How To Transport A Full Sheet Of Plasterboard In A Small Car

You might feel up the creek without a paddle if you need to transport a full sheet of plasterboard but you only have a small car. Strapping the plasterboard to the top of you car isn't a great option because it can easily catch the wind and snap. So how do you get that plasterboard home in one piece? The trick, as Leah from See Jane Drill shows us in this video, is to carefully score and fold the plasterboard without totally breaking it in half. First she measures the halfway point with help from a T-square -- 120cm, given that the most common size is 1.2x2.4m -- and then scores the back of the plasterboard (the side with the cardboard) with a utility knife. You'd probably want to cut it perpendicular to the length of the sheet, but Leah actually scores it lengthwise to fit in her car. Once you score the back, you then snap the sheet without breaking the protective paper. When you unfold it and actually install it, the plasterboard will still be strong enough as long as you have proper framing to support it.

How to Transport a Sheet of Drywall in a Tiny Car [See Jane Drill]


    umm thats what roof racks are for

      Strapping the plasterboard to the top of you car isn’t a great option because it can easily catch the wind and snap

      Umm, that's what reading is for.

        Next time you're passing a Bunnings store look on the road a few hundred metres from the store. You'll almost always see the remains of plaster sheets that people tied to their roof racks - they snap at about 60 km/h or so.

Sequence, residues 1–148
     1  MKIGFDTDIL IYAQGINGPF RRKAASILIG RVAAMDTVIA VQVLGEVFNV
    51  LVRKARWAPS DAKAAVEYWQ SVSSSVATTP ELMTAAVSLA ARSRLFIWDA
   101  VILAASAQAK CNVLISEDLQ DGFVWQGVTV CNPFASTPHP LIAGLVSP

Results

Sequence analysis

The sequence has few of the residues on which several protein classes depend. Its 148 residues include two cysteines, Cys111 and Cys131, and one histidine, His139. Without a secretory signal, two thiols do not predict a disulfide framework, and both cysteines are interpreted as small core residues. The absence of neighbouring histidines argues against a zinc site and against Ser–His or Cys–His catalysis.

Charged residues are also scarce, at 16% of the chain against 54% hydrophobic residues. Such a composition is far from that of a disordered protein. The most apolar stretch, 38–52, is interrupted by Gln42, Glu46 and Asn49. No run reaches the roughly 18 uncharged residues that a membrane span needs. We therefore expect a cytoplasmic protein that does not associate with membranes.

there are ways to tie down plasterboard to roof racks. that don't end up destroying it... and don't end up with plaster board everywhere.

          usually using a sheet of plyboard is the answer... also means you don't need to cut it in half.

            This is about tiny cars too. I don't see a lot of compact cars with roof racks.

    A roof rack would help if it covers most of the length of the plaster board. If it doesn't it will most likely snap. I have seen this happen on the road it is not fun following a car and plaster starts flying around. The the roof rack doesn't run most of the length what you can do is buy a couple of lengths of cheap wood and put them under the plaster. Then make sure you tie the ends of the plaster to the wood and this will brace the plaster to stop it bouncing, then snapping. I have a dual cab ute with no roof rack and done this many of times with plaster board and cement finer sheets. Works like a charm.

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